As teachers, we face the reality that our job is never really *done.* There is always more planning to do, more work to be assessed, and more organizing that could be done. There are parents to call, meetings to attend, and paperwork to be completed. The idea of setting a resolution this New Year that relates to the job is…well, a bit overwhelming.
But I’ve got you. I’m here with some ideas. I’m setting one (or two…three…six) of these for myself this year, because even though there is always SOMETHING else to do before you head home to your family on a Monday afternoon, there’s always room to grow, too.
Grow your professional learning network: One of the greatest influencers of my teaching has been Twitter. I can scroll through when I wake up, when I head to bed, and any amount of time in between for some serious inspiration from other real life teachers. I follow other educators, authors, and universities that frequently post quality ideas related to building relationships in the classroom, the workshop model, and technology. If you are a teacher and you’re not on Twitter yet for the purpose of growing your professional learning network, this would be a G R E A T resolution for you! You can follow me @wildandfreein3 and check out who I’m following for some solid suggestions!
You can check out my post on PLNs to learn more about expanding your own: 3 Ways for Teachers to Grow a Professional Learning Network.
Read a new and uplifting education book that will ignite that “go get it” attitude in you. In education, we are inundated with materials to read about new evidence-based learning and research-based practices. Sometimes, it’s difficult to find books to enhance your pedagogy because there is just. so. much. and to be honest, some of it is super fluffy stuff. It’s important to do your research on these books, read the reviews, and check out the author. One of my favorites from the past year has been Empower: What Happens When Students Own Their Learning. One on my list for this year is A Teacher’s Guide to Writing Conferences: Classroom Essentials by Carl Andersen. ( ( I saw him speak about this book last year before it was officially published and I began using a few of the tips he shared in my own classroom and it has already transformed how I confer with writers. ) )
Get your teacher wellness in order! As a relatively new teacher, I’m still working on this BIG time. It’s taken me three years to *start* to put some of my needs first so I can show up to school full and energized for the day. This includes nailing down my yoga schedule (and sticking to it), getting my hair cut more than once a year (yeah…I said it), visiting the infrared sauna during the winter months, and buying myself little gifts once a month. I shared a few more ways I take care of myself during the school year here if you want some more ideas: Teacher Wellness All Ways on All Days.
Up the || P O S I T I V I T Y ||. It is really, really easy to get sucked into the ever-spinning and powerful vortex of negative thinking, especially when your job entails waiting for change in the long-term and roadblocks are around every turn (it seems). This is so much easier said than done, which makes it a great resolution. You have to put work into changing your mindset from doom to optimism because it is HARD. One way to make a little change is to keep a gratitude journal and jot down three positive that happened every day. Another way to do this is to end each day with your students by telling a partner something great that was the highlight of the school day. You could also set daily intentions to build some of that positivity into your teaching life. Be mindful of this, though: it’s OK to be frustrated and upset about things in the system. That will power the need for change and betterment, BUT…don’t get sucked into the vortex. Push yourself into the light by writing down your frustrations, ripping it up, and tossing it in the trash. Let that negativity GO!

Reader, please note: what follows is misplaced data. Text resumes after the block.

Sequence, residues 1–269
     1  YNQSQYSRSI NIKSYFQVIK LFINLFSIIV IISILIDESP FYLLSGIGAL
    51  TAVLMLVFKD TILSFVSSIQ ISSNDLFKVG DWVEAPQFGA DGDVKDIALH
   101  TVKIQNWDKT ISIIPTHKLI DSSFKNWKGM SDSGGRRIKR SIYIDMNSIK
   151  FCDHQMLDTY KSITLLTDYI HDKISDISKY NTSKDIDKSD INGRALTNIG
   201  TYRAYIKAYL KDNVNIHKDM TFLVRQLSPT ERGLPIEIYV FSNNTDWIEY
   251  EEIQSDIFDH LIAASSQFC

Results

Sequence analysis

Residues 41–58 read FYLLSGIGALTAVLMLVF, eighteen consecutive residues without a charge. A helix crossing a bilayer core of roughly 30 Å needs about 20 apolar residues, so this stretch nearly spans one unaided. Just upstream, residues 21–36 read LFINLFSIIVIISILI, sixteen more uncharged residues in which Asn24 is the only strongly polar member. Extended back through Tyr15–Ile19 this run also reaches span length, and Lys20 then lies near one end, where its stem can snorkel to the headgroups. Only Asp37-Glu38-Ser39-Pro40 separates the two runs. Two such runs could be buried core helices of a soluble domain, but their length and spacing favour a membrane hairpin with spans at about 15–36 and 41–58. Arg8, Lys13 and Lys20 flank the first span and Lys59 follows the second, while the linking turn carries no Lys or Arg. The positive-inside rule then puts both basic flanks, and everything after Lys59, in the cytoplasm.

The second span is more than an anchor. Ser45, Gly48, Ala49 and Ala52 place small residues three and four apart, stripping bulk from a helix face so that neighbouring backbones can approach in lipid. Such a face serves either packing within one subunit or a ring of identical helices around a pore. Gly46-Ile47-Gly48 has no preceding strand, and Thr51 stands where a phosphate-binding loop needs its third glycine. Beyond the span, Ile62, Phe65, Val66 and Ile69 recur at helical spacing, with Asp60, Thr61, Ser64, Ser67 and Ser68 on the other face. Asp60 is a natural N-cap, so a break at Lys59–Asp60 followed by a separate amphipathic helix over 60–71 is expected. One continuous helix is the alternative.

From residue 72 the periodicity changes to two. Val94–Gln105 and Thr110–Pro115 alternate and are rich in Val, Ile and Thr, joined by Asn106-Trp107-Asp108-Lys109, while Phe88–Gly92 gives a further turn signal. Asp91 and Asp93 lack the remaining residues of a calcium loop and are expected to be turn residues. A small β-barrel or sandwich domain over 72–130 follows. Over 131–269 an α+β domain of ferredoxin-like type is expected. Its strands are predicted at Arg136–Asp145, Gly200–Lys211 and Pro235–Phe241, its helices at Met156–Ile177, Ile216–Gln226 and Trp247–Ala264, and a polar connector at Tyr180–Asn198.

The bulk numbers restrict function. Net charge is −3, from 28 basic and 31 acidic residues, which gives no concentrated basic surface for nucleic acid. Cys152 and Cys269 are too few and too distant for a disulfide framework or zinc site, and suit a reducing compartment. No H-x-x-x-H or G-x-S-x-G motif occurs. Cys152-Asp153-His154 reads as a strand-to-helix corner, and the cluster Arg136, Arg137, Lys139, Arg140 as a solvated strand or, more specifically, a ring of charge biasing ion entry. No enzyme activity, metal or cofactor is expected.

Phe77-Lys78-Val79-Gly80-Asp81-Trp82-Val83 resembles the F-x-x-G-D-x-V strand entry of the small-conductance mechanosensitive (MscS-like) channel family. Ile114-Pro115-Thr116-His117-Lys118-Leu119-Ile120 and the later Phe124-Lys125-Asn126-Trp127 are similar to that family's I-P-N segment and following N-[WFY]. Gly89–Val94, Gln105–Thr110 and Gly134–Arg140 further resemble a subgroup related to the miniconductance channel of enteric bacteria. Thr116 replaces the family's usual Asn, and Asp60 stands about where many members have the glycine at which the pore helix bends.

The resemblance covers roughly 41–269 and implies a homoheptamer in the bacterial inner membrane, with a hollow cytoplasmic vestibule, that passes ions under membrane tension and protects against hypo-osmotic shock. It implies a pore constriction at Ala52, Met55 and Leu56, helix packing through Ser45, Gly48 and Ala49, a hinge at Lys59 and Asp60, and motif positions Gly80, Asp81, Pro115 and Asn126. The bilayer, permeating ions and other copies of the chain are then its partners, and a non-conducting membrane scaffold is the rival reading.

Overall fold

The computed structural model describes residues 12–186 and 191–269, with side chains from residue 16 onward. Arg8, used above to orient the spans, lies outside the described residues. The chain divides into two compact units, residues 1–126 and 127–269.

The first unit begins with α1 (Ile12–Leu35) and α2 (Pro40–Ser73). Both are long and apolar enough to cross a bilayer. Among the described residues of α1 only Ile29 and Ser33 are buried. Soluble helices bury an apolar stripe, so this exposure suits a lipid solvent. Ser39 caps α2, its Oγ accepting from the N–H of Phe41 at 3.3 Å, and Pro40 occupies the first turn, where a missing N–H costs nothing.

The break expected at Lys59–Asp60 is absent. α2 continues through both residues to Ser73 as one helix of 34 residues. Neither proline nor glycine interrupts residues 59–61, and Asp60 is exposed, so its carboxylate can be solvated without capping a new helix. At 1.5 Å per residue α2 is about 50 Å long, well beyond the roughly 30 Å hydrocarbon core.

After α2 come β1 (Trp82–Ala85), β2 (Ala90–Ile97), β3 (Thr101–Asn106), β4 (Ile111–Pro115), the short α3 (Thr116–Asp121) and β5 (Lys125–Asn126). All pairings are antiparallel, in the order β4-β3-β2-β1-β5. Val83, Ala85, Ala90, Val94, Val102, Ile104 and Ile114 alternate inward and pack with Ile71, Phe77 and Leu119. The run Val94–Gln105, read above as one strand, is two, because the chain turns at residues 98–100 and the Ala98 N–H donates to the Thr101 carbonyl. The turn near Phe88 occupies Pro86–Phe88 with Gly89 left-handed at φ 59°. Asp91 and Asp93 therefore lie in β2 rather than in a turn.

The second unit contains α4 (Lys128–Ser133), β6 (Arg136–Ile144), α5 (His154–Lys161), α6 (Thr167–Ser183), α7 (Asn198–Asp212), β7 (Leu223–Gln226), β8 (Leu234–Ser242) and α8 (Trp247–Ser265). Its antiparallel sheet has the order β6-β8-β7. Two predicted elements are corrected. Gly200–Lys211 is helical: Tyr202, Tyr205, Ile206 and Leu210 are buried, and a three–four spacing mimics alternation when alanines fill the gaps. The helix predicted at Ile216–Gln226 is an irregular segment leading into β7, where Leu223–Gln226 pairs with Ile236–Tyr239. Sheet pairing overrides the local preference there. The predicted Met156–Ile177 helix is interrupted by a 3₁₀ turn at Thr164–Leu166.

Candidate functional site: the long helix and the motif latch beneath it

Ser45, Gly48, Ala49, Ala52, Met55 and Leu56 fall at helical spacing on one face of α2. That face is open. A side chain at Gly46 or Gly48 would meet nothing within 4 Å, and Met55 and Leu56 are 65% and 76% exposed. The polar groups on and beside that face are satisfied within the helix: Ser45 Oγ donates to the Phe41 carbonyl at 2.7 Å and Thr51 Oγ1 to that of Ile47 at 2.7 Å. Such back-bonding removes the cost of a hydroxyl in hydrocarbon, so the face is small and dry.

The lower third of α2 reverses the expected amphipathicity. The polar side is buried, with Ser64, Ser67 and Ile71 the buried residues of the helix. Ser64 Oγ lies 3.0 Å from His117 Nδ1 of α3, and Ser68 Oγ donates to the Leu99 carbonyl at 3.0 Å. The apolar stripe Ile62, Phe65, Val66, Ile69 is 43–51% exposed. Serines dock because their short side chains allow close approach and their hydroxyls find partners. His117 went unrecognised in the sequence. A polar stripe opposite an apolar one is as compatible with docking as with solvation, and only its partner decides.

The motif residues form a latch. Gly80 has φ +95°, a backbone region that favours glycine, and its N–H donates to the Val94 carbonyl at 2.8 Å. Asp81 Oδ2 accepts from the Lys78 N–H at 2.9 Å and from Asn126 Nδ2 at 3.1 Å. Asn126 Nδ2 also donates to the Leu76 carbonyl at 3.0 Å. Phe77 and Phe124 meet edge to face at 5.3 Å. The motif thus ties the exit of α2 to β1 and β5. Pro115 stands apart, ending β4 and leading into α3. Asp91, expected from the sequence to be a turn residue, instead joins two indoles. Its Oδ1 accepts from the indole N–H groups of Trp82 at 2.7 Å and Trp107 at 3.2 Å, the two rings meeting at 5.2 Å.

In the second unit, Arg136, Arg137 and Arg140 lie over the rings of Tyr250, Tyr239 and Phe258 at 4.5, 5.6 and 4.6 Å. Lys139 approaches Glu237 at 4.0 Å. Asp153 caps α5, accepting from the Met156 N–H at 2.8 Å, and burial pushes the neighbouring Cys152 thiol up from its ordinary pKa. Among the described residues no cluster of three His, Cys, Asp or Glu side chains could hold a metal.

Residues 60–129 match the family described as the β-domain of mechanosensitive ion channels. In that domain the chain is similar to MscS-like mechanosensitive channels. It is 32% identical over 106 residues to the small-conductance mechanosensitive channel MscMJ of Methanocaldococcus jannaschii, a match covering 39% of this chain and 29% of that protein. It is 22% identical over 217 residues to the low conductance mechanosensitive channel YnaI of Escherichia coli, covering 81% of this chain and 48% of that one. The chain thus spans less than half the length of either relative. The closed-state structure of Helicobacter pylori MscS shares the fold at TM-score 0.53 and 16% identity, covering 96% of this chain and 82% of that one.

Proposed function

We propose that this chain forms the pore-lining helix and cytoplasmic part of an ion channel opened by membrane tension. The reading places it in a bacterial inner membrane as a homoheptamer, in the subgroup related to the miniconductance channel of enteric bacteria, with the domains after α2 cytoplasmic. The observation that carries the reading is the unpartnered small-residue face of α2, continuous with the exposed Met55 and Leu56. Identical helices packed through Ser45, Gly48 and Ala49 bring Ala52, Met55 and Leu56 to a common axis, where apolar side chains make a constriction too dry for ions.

Get to know your students better as individual human beings. Can you name ten things you know about each student OUTSIDE of academics? Ten things. Whoa. Creating a resolution to get to know your students better will create some seriously great dynamics in your classroom. Have deep conversations with students about their hobbies and interests, their families and wishes, their fears and their goals. When you do this, you create an everlasting bond with your students that will lift your own spirits but also pay off dividends in behavior, redirection, and academic work. Challenge yourself to write down ten things you know about each of your students right now. Then, notice the students you have the least amount of information on or connections to and make it a priority in the new year to learn several new things about those students in the coming weeks.
Empower your students and center learning around them. This is huge. Colossal, some may say. It’s a great undertaking, but there are teachers out there who lead student-centered classrooms with personalized learning models and they are killing it! It’s about taking small steps towards letting students take charge of their learning and understanding how the process works. Learn more about what personalized learning is. Read some articles. Check out some books. Create or get learning progressions. Better understand how to confer with students. A colleague of mine, Kate, recommends reading Students at the Center: Personalized Learning with Habits of the Mind. (Pssst…this is also on my reading list this year!) You can follow Kate on Twitter @kate_belanger!
Drop a comment below and let me know what your teacher resolution is for this New Year!
Isabelle MacDonald is a participant in the Amazon Services LLC Associates Program, an affiliate advertising program designed to provide a means for her to earn fees by linking to Amazon.com and affiliated sites.